Virginia is quite lenient for OC'ers. As for statements by our AG, Virginia laws are written to instruct what is not legal, not what is legal. Open carry here is the default, or normal, mode of carrying a sidearm.

    Which part of Virginia are you planning to visit?

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  4. #4
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    Charlotte, North Carolina, USA

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    Just because I'm curious, do you have a Florida CCW/CHP/CWP?

    SC does not allow OC, but allows carry in the glovebox without permit IIRC. I would strongly recommend verifying that first though, as I don't venture south that often, and when I do, it is with my NC CHP.

  5. #5
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    Hickory, NC, ,

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    Good site to check out.

    NC AG booklet on firearms.

    State v Kerner is the main NC Supreme Court case for OC in NC.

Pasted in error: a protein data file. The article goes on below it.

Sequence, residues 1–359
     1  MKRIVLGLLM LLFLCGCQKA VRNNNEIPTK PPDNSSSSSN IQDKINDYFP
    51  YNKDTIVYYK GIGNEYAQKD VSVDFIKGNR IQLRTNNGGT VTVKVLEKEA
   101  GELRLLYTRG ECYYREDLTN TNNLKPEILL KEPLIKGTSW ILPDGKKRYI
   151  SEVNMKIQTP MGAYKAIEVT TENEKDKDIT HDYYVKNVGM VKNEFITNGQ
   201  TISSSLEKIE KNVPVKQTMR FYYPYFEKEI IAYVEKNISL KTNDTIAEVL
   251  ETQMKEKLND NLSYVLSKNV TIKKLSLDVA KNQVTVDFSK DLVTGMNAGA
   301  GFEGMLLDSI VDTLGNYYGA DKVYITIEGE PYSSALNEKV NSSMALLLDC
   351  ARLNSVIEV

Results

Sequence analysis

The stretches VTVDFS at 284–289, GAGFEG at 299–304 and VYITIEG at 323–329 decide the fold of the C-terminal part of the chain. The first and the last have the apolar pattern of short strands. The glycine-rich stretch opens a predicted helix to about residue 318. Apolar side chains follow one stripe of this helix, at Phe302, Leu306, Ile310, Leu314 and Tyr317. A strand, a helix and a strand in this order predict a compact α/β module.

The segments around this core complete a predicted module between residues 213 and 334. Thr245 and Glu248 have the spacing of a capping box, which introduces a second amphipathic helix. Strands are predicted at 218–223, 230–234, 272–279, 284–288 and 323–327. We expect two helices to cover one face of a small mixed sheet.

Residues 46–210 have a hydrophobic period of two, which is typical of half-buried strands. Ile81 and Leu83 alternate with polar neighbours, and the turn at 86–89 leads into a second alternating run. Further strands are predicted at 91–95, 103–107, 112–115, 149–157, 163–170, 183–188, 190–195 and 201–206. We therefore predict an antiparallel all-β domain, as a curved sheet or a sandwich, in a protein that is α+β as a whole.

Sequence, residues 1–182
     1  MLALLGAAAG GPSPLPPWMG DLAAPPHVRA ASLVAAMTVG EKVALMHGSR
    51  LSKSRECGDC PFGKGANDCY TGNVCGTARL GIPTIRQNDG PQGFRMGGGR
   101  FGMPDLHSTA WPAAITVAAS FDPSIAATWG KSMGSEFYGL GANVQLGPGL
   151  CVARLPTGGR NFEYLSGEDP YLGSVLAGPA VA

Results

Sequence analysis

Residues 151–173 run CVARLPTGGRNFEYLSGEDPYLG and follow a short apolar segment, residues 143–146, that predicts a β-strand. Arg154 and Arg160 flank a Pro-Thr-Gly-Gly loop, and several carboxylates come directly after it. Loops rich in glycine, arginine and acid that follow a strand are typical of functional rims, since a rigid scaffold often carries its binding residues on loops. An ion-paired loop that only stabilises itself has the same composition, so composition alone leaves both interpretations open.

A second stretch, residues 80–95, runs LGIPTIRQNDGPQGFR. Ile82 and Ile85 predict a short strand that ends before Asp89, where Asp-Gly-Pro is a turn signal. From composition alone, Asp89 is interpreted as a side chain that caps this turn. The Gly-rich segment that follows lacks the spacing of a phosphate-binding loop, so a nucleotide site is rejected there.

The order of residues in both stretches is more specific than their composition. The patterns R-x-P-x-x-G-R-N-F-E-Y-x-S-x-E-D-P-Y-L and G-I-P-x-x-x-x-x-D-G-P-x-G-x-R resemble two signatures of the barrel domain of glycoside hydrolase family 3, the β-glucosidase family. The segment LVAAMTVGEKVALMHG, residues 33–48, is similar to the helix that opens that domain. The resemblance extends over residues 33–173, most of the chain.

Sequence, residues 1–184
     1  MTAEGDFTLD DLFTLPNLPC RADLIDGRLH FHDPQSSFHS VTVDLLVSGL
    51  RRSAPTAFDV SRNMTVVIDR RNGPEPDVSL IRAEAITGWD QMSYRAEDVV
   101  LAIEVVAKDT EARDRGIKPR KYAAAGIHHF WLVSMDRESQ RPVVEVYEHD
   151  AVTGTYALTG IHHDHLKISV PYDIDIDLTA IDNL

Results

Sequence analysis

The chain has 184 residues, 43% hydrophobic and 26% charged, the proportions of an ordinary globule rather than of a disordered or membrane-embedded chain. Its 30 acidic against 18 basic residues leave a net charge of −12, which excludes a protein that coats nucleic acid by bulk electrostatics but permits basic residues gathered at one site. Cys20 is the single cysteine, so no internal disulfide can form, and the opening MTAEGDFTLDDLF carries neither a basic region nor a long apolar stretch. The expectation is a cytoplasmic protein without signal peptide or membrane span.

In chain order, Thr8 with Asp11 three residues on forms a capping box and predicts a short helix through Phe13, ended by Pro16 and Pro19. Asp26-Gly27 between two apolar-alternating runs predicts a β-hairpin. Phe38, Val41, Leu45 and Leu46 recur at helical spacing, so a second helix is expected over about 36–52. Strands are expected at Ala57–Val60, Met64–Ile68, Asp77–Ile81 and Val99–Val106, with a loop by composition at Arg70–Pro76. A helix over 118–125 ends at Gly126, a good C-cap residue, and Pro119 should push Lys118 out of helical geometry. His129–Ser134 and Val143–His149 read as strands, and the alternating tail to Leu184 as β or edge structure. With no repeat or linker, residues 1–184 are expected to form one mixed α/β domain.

No laws allowing OC in NC. A few that do not allow OC. Mainly, if you do not OC in the places you cannot CC in NC you will be fine. That will cover the places OC is not allowed. OC is legal in that it is not illegal in NC plus the Kerner decision.

  6. #6
    Campaign Veteran since9's Avatar
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    Colorado Springs, Colorado, USA

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    hammer6 wrote: there like an AG decision or something from each of those states that i can print out and carry with me showing the legality of OC if i am confronted by LEO? or like a state statute or something?

    It's generally a very bad idea to attempt to convince an LEO of the legality of your actions. He's the expert, whether he's wrong or right, so comply with his directions at all times! He's certainly not going to give weight to any paper handed to him by anyone he's detained.

    If his actions are contrary to law, you can always address them at a later date in a far safer (physically and legally) environment.

    Also, I didn't see reciprocity mentioned here, but most states have CC reciprocity with neighboring states, and I've noticed the range is far more extended now than it was 20 years ago. For example, Colorado has reciprocity with 28 states - more than half the Union!

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  7. #7
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    Go to It has a map similar to and will answer almost all your questions.